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Busy Parent? 6 Ways to Maintain Healthy Self-Esteem

Mighty Mommy shares 6 ways you can stay motivated and maintain a healthy self-esteem even during your busiest years of being a parent.

 

By
Cheryl Butler,
November 12, 2017
Episode #454

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illustration of mother with good self esteem

When we become parents we automatically change gears from focusing on our own desires and needs and instead immerse ourselves in the task of concentrating on whatever it takes to care for our family.

As our children grow and reach new milestones, it’s so easy to tie our identity and our value to their successes and failures. Our parental pride wells to magnificent proportions when they achieve a new skill such as learning to tie their own shoes or reach a lofty goal such as graduating cum laude from college. And yet, when challenges such as learning difficulties or not being accepted by  peers arise, we hunker down in the emotional trenches of parenting and feel every bit of their pain.

In doing this, our self-esteem can take a toll, because our focus is no longer on ourselves but on our family and household first. And while that’s certainly normal and admirable that's really not good for us or for our children because one of the best gifts we can give to our kids is to be role models of a healthy individual who exudes confidence and has a strong and positive self-image.

Today I’m sharing six ways you can stay motivated and maintain a healthy self-esteem even during your busiest years of being a parent.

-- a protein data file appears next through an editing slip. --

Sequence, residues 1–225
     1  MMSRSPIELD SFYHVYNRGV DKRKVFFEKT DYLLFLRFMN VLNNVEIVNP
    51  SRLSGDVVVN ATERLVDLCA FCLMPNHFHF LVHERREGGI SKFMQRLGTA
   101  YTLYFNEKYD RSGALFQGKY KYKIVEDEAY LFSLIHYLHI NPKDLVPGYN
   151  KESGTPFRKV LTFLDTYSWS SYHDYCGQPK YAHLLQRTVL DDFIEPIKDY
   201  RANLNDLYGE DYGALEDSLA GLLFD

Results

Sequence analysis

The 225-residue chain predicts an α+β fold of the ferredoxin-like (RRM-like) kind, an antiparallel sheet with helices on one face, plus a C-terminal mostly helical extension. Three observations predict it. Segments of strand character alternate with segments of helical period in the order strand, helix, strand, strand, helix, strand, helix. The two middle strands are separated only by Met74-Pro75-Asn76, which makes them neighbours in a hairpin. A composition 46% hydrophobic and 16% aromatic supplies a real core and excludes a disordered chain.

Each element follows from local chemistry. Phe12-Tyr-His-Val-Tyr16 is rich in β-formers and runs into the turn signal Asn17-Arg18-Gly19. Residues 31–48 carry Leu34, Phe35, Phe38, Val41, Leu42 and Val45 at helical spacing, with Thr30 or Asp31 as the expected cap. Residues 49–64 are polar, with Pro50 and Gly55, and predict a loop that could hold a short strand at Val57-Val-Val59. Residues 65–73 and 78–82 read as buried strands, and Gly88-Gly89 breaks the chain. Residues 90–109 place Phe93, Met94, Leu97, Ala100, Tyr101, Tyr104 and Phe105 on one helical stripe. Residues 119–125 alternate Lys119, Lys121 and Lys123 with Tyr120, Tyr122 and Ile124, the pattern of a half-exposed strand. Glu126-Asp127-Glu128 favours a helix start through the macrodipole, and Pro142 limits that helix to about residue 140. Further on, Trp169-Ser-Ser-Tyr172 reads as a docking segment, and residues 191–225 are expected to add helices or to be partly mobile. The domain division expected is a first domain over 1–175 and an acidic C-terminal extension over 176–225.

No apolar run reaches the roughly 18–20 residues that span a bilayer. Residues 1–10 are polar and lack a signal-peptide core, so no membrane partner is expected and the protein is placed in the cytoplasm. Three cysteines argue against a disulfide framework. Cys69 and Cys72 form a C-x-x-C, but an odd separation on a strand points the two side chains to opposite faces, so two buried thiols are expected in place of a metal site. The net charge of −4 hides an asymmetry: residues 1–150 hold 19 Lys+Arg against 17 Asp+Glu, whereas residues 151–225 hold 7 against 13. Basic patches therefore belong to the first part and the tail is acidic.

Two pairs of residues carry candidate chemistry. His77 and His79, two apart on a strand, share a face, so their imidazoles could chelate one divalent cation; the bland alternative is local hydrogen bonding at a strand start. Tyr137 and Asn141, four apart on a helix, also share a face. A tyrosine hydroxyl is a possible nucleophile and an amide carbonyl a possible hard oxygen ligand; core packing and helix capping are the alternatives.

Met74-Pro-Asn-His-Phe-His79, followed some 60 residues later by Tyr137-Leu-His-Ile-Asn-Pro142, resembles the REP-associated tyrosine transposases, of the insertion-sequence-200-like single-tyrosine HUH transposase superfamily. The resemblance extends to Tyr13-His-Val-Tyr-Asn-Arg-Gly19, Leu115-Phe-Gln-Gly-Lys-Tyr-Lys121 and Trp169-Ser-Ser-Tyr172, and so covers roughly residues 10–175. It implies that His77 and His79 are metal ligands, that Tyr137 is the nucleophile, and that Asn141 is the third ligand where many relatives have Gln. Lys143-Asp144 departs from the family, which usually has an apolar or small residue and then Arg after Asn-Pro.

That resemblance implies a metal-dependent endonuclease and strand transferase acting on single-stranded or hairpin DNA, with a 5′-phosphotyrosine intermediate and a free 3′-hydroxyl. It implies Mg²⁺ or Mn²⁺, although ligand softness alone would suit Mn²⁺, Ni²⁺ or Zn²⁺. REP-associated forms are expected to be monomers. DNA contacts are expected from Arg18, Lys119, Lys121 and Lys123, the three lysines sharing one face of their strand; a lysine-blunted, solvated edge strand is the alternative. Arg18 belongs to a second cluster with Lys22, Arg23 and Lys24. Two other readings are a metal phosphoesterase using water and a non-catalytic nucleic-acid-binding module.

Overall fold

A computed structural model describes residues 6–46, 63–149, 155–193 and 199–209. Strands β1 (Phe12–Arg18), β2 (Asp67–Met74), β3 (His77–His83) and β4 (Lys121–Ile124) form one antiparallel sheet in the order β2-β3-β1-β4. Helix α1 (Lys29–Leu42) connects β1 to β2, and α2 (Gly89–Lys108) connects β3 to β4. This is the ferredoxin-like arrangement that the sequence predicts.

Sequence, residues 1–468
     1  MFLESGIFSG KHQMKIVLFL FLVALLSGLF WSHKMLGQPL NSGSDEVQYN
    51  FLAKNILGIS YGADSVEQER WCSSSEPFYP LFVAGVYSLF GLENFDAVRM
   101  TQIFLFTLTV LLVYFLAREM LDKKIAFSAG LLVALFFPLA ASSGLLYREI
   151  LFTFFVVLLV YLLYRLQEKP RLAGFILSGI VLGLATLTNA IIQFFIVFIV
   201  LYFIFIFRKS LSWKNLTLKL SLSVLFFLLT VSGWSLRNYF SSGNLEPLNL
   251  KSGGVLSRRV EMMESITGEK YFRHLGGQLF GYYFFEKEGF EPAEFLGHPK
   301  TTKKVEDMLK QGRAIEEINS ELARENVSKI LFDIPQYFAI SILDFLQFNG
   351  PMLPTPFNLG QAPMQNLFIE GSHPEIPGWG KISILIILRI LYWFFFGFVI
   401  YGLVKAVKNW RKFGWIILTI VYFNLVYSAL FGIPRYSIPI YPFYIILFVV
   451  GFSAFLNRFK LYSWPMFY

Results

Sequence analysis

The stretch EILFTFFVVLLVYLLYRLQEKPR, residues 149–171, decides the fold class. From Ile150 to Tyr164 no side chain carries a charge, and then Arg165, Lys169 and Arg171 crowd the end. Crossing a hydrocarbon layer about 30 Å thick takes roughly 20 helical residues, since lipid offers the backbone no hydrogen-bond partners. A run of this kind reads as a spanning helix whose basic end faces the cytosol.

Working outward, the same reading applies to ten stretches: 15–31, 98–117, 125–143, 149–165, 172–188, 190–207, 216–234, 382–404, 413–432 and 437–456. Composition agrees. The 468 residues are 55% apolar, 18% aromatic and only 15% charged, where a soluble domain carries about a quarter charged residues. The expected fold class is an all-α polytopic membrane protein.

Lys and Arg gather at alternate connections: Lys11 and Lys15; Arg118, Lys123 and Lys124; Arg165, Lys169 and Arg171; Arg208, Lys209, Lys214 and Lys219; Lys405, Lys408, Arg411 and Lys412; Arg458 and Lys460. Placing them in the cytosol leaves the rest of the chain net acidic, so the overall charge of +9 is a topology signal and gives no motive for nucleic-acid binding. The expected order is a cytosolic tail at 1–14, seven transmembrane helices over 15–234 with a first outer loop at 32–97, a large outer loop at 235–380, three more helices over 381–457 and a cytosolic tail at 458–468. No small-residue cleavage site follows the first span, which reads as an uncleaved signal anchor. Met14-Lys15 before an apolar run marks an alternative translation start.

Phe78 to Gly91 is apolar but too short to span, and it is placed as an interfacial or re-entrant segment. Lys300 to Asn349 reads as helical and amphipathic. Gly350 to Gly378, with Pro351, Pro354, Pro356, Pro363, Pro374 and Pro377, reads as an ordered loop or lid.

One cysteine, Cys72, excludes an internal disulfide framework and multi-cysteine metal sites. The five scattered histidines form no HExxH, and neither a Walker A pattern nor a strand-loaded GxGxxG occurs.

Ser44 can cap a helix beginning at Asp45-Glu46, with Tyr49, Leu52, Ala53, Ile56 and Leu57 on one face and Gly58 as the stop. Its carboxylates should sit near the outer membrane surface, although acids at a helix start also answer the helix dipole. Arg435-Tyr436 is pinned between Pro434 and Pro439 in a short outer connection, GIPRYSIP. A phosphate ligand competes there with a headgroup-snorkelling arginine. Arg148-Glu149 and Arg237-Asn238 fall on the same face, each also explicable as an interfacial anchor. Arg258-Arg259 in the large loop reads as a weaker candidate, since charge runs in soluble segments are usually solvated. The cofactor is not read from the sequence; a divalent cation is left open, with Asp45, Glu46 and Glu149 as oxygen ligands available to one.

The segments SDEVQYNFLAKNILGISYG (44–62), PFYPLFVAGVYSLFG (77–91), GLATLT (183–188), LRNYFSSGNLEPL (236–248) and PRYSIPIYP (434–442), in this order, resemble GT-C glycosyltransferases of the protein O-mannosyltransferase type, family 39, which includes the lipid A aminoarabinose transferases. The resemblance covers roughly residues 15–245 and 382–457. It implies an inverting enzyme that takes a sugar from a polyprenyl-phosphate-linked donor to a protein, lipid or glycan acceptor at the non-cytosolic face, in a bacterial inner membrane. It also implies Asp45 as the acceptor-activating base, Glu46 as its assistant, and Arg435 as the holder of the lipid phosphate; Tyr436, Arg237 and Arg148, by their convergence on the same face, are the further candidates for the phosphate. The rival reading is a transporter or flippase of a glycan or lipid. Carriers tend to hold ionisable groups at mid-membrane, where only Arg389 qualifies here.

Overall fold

How to Maintain Self-Esteem as a Busy Parent

  1. Tip #1: Stay Groomed
  2. Tip #2: Nix the Negative Self-Talk
  3. Tip #3: Smile!
  4. Tip #4: Don’t Compete With Others
  5. Tip #5: Identify Your Gifts
  6. Tip #6: Stay Organized

We’ll take a closer look at each.

Tip #1. Stay Groomed

We adopted our first child as a newborn so while I was excitedly facing all kinds of amazing new emotions becoming a first-time mom after such a long struggle with infertility, my body didn’t physically experience the journey of a nine-month pregnancy. That said, though I was tired from those 2 AM feedings, I still had lots more energy than most new moms because my body wasn’t recovering from childbirth.

This allowed me to keep up with most of my regular beauty routines: blow drying my hair every morning, putting on make-up, dressing in my favorite outfits, staying on top of my mani/pedis...I even ironed most mornings! Even though I had a beautiful newborn, I presented like I was heading off to my job as the office manager of a dental practice when in fact, I was staying at home with our baby. 12 months later, I delivered a healthy baby boy and now had two kids under the age of 15 months. The blow dryer and I didn’t see one another for months and my go-to outfit was a pair of my husband’s sweatpants and any stained, over-sized t-shirt I could find. This didn’t bode well for my self-esteem one bit, so I began to force myself to do my hair and make-up (lipstick counts!) every morning and wore clothes that were mine, not my husbands. I immediately felt so much better about myself. An instant boost in your self-esteem is staying groomed, and it’s definitely something you can control on most days.

Tip #2: Nix the Negative Self-Talk

Did you ever stop and take notice of the inner dialogue you have with yourself? As a writer and a woman who tends to overcommit herself, I can’t tell you how many conversations I have with myself on a daily basis. These talks vary from what recipe I’m going to try for dinner to how I’m feeling about the new guy in the deli who slices my meat just the right way.

Of course, there’s also conversations about what the heck was I thinking about getting my hair cut with bangs when I have such a round face or why would I steal candy from my son’s Halloween haul. (C’mon, you know you can relate!) This dialogue is better known as negative self-talk and is never in your best interest.

Much of our thinking is so automatic and happening so rapidly that we barely notice it before we move on to the next thought, but when that little voice in our minds starts cranking out damaging and destructive self-criticism we have to get a handle on it and nip it in the bud.

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